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Belarus election: President Lukashenko faces toughest test in years

Belarusian President Alexander Lukashenko votes during the presidential elections at a polling station in Minsk, Belarus, 09 August 2020.Image copyright

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An exit poll, conducted by a pro-government organisation, has predicted a landslide victory for Mr Lukashenko

Voting is drawing to a close in Belarus, where long-time President Alexander Lukashenko is facing his toughest challenge in years from a political novice.

Svetlana Tikhanovskaya, 37, entered in place of her jailed husband, becoming the leading opposition candidate.

But an exit poll, reported by state TV, has predicted a huge victory for Mr Lukashenko, as in previous elections.

Tensions are high, with opposition supporters expected to protest.

Squares and streets in the capital Minsk are being sealed off by police. Mr Lukashenko earlier vowed that the situation would remain “under control”.

The lead-up to the election saw a crackdown on activists and journalists amid the country’s biggest opposition demonstrations in years.

After voting on Sunday, Mr Lukashenko said he did not see Ms Tikhanovskaya as a threat, and denied imposing repressive measures on the opposition.

“They are not worth enough to carry out any repression against them,” he said.

Ms Tikhanovskaya was greeted by an excited crowd chanting her name when she cast her ballot in Minsk.

“I really want the election to be honest, because if the authorities have nothing to fear, if all the people are for Alexander Grigoryevich [Lukashenko], then we will agree with that,” she said.

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Svetlana Tikhanovskaya has emerged as the wild card of the race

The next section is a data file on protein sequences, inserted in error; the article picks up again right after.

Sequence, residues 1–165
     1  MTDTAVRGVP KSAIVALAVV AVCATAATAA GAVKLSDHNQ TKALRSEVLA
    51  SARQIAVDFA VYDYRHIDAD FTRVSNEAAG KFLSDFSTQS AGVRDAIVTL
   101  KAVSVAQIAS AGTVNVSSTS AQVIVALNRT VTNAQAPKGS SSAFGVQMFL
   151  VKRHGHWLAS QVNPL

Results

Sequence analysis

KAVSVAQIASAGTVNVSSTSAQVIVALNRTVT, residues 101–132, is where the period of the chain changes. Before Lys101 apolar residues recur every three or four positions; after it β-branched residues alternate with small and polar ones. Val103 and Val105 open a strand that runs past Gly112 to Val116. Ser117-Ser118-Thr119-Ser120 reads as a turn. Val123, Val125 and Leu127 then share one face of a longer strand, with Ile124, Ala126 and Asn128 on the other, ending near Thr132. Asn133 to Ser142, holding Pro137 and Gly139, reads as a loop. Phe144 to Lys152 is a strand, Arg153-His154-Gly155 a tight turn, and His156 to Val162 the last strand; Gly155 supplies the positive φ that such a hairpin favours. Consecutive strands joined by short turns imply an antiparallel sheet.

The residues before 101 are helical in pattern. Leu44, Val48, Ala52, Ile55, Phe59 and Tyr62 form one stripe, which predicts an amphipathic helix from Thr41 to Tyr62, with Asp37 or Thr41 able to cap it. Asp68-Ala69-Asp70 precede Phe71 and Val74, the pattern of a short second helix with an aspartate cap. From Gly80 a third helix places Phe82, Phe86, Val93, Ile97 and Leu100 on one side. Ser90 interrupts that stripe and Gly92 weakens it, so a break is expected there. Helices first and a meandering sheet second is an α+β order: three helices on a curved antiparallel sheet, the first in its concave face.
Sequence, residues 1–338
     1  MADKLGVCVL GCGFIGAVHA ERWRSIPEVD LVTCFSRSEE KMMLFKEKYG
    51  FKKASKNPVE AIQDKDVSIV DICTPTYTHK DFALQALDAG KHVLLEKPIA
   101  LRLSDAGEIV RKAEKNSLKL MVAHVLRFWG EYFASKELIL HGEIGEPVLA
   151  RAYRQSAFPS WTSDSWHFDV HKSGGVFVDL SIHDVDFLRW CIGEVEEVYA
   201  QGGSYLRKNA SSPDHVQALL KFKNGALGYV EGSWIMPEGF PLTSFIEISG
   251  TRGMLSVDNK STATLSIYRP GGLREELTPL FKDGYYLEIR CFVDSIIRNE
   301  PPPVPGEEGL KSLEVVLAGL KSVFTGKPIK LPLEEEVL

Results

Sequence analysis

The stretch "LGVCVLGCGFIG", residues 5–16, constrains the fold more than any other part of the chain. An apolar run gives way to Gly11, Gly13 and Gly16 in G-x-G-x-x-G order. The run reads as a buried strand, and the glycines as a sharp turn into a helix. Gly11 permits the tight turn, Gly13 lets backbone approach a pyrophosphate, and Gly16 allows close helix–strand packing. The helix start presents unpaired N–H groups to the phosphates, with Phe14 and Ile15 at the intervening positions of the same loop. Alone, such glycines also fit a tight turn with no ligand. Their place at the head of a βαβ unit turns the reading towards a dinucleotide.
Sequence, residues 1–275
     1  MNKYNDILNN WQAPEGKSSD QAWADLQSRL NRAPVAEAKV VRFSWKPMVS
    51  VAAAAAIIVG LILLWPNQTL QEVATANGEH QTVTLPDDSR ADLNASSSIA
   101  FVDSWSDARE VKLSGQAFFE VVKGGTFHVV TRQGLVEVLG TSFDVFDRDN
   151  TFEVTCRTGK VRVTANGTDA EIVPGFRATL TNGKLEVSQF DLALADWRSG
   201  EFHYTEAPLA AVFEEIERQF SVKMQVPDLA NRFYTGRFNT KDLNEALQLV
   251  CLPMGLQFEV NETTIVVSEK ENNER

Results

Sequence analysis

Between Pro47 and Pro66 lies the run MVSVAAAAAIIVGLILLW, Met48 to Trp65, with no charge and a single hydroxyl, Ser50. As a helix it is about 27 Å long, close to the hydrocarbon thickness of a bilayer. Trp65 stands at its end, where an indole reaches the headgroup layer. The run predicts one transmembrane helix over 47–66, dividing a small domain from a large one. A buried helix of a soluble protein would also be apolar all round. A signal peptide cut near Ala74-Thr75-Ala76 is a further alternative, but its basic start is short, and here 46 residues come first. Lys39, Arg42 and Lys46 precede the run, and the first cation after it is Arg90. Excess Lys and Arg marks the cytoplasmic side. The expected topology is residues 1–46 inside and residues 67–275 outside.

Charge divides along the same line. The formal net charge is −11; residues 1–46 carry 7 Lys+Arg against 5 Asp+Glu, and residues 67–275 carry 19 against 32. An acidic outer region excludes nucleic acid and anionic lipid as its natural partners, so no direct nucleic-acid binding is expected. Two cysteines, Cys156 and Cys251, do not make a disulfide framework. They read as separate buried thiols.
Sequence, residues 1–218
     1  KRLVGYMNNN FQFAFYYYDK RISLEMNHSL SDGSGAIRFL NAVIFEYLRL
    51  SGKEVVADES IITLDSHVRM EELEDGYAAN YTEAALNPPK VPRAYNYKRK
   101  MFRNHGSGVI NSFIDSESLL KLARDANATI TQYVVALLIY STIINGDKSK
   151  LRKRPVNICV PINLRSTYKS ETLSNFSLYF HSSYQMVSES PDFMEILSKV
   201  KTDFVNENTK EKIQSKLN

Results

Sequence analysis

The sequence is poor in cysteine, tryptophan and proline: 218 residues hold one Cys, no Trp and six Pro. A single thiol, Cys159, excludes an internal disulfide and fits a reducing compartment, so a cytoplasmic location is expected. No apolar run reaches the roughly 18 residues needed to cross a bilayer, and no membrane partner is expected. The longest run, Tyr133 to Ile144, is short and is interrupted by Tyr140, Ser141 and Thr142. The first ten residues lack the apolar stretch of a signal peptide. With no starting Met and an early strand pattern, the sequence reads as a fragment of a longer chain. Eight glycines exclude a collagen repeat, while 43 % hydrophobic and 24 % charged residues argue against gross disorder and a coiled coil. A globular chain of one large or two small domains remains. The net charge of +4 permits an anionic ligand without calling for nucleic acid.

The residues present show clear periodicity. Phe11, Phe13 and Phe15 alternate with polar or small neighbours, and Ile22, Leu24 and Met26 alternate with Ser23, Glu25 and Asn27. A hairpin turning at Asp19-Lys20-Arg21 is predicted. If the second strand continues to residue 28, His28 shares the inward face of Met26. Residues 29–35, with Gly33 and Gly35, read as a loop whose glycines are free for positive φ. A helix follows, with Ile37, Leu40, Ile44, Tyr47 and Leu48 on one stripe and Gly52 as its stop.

While voting has now ended in most of the country, the election commission said it had been extended at some polling stations due to long queues.

The exit poll, which was conducted by a pro-government youth organisation, showed Mr Lukashenko winning 79.7% of the vote and Ms Tikhanovskaya receiving just 6.8%.

What’s the context?

Sometimes referred to as Europe’s last dictator, President Lukashenko, 65, was first elected in 1994.

In the last vote in 2015, he was declared winner with 83.5% of the vote. There were no serious challengers and election observers reported problems in the counting and tabulation of votes.

But this year’s election has been closely watched amid growing signs of frustration at his leadership.

The campaign saw the rise of Ms Tikhanovskaya, a former teacher who became a stay-at-home mother until she was thrust into the political spotlight.

After her husband was arrested and blocked from registering for the vote, she stepped in to take his place.

In the lead-up to the election she told the BBC that people in Belarus did not believe the election would be run fairly.

“But I still believe that our president will understand that his time is over. People don’t want him anymore,” she said.

Media captionAn unexpectedly lively election campaign has revived hope for change in Belarus

President Lukashenko has dismissed Ms Tikhanovskaya as a “poor little girl”, manipulated by foreign “puppet masters”.

Tens of thousands defied an escalating crackdown on the opposition last month to attend a protest in the capital Minsk, the largest such demonstration in a decade.

Since the start of the election campaign in May, more than 2,000 people have been detained, according to Human Rights Centre Viasna.

On the eve of the vote Ms Tikhanovskaya’s team said her campaign manager had been arrested and would not be released until Monday.

And on Sunday, as people voted, internet service was “significantly disrupted”, said online monitor NetBlocks. Opposition supporters say this makes it harder for evidence of election fraud to be collected and shared.

Is anyone else running?

There are three other candidates:

Two key opposition figures were barred from running and threw their weight behind Ms Tikhanovskaya’s campaign.

One of them, Valery Tsepkalo, fled Belarus ahead of the contest, fearing arrest. His wife Veronika stayed behind, becoming a key campaigner for Ms Tikhanovskaya.

It emerged on Sunday that Ms Tsepkalo had also now left Belarus for Moscow, for “safety” reasons.

Media captionActivists and journalists were rounded up and jailed in Belarus ahead of the election

Anger towards Mr Lukashenko’s government has been in part fuelled by the response to coronavirus.

The president has downplayed the outbreak, advising citizens to drink vodka and use saunas to fight the disease.

Belarus, which has a population of 9.5 million, has had nearly 70,000 confirmed cases and 600 deaths.

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